As a quick side note, care is needed when reading British authors writing about British Imperialism. When Lawrence James, a popular British author who has written many well received books about the British Empire, writes about the British Navy during the Napoleonic Wars he sounds as if he is praising his football team after they have won the world cup: “all understood their country’s predicament and how much depended on them, which is why, whenever the chance came for battle, they grabbed at it, regardless of the odds” (James, 2008, pg 160).
So many British mainstream history narratives are still just gung-ho propaganda, nostalgic for the successes of war and the spoils of Empire. When James makes his argument that the Napoleonic Wars caused an increase in Britain’s expansion of its Empire his description is basically up-beat. He recounts how the list of countries added to Britain’s Empire “was, by the standards of any previous war, an impressive haul and deeply satisfying to the commercial community who welcomed new markets.” (James, pg 155). I understand that he has tried to get into the British mindset of the time, but there is no equivalent attempt to get into any other mindset, or to look back on that mindset critically. The end result, not just from James but from a litany of similar authors as well, is pages upon pages of words that are both self-congratulatory to the British reader and empathetic to an abusive and exploitative culture.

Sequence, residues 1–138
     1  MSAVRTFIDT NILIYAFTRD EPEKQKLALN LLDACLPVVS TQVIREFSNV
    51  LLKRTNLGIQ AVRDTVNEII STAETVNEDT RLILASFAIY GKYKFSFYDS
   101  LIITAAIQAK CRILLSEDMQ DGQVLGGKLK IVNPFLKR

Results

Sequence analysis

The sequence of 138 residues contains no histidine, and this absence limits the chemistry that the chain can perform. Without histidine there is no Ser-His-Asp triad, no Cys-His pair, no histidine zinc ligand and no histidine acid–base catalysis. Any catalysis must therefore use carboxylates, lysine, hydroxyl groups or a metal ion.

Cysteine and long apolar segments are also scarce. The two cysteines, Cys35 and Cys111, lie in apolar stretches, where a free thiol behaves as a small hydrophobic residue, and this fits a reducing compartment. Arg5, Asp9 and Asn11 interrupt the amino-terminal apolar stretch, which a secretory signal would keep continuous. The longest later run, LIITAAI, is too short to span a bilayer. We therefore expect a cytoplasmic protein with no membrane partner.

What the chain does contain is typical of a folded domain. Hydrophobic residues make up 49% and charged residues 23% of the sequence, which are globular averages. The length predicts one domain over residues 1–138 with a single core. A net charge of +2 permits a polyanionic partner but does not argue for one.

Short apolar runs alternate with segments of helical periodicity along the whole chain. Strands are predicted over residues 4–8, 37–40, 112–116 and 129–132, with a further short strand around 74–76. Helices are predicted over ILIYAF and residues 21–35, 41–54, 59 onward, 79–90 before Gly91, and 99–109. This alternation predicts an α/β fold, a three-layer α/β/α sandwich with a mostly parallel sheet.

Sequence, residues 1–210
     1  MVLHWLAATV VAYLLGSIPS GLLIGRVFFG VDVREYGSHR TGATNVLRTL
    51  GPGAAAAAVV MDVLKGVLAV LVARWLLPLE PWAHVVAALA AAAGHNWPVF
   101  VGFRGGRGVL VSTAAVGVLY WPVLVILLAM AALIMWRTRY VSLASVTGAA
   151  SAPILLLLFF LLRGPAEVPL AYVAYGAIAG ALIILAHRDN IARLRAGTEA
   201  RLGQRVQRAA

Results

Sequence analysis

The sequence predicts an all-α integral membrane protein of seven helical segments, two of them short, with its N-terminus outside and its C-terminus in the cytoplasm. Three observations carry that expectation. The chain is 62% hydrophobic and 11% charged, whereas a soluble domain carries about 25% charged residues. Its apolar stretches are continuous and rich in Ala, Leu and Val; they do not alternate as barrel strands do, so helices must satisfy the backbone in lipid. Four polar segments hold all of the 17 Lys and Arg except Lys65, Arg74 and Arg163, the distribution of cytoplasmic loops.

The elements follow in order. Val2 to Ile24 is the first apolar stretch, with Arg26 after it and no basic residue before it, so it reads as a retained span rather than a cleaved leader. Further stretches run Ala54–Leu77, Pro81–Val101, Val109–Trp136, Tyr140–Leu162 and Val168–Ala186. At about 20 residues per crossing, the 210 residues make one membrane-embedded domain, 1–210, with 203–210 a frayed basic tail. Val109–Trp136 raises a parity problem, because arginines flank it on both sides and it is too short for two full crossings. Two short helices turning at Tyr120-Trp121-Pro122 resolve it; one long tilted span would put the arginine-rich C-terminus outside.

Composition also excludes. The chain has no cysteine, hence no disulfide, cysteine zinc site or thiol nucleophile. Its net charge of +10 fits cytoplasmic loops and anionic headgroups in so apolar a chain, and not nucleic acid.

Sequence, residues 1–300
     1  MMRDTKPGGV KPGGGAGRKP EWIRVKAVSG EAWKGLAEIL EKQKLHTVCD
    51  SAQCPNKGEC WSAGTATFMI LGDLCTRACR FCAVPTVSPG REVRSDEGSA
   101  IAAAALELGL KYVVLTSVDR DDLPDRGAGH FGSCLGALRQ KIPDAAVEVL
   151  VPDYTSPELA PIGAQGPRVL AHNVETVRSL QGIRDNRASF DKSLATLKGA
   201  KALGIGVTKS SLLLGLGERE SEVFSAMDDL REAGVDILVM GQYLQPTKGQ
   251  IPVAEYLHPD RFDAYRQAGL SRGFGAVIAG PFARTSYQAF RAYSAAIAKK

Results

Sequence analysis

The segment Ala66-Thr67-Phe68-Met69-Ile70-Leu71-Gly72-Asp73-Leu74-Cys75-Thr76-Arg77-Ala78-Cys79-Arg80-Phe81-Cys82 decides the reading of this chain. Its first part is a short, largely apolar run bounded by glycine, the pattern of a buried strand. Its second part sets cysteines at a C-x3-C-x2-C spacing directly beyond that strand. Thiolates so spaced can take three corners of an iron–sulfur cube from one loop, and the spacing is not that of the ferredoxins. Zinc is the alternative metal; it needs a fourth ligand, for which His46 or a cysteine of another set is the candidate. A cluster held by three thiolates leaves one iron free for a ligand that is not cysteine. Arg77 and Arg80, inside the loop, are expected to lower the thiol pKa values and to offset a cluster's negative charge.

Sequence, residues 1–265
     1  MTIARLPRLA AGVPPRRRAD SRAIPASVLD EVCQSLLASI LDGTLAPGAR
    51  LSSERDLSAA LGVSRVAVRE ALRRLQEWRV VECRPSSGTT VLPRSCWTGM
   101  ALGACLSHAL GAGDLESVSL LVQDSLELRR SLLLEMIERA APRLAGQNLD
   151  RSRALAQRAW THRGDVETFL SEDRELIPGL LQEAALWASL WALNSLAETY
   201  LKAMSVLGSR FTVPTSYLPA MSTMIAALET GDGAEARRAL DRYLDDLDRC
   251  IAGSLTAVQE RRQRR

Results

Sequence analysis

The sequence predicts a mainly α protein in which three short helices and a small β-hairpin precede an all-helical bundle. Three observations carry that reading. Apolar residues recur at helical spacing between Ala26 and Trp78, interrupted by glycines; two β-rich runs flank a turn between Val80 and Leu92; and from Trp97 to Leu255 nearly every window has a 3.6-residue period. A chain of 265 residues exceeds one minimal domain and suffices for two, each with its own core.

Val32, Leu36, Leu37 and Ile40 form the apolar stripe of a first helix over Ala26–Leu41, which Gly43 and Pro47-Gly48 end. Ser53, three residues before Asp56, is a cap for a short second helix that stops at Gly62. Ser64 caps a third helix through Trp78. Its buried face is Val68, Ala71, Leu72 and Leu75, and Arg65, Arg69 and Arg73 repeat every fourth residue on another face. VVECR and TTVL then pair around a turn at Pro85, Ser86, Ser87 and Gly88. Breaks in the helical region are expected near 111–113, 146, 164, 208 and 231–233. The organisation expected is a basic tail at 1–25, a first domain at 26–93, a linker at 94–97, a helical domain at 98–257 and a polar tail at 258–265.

3. The abolition of the British slave trade
A third way in which the Napoleonic Wars influenced Britain’s colonisation of Sierra Leone was by completely changing the Trans Atlantic Slave Trade.
For this, we need to travel in time again.
In 1944 Eric Williams (who went on to lead Trinidad and Tobago to independence from the British Empire) published Capitalism & Slavery. This is a historical account of the integral role of the Trans Atlantic Slave Trade in the rise of British capitalism and the Industrial Revolution.
At the beginning of the 1800s Britain controlled a series of Caribbean Islands and a piece of land on the South American mainland. These were split into plantations and used to grow some of the materials Britain needed: sugar, coffee, dyewood, cotton etc. The slave trade was about supplying the labour needed to work these plantations.
The main competitors for Britain’s plantation colonies were the French islands, Cuba (Spanish) and Brazil (Portuguese). However, with Barbados and Jamaica, for much of the early 1700s Britain made the most profit. Then France cultivated Saint Domingue (the western half of Hispaniola in the map below) and overtook everyone.
By the second half of the 1700s British plantations had overused the soil in both Jamaica and Barbados — yields were significantly falling. Saint Domingue, on the other hand, was large and, so far, unexploited. This meant big yields, low cost and more profit.
By the 1780s 40% of all the sugar and 60% of all the coffee consumed in Europe was coming out of this single French colony. It was producing more sugar and coffee than all of the British West Indian islands combined, and generating enormous revenue for the French government. It was the pinnacle of prosperity.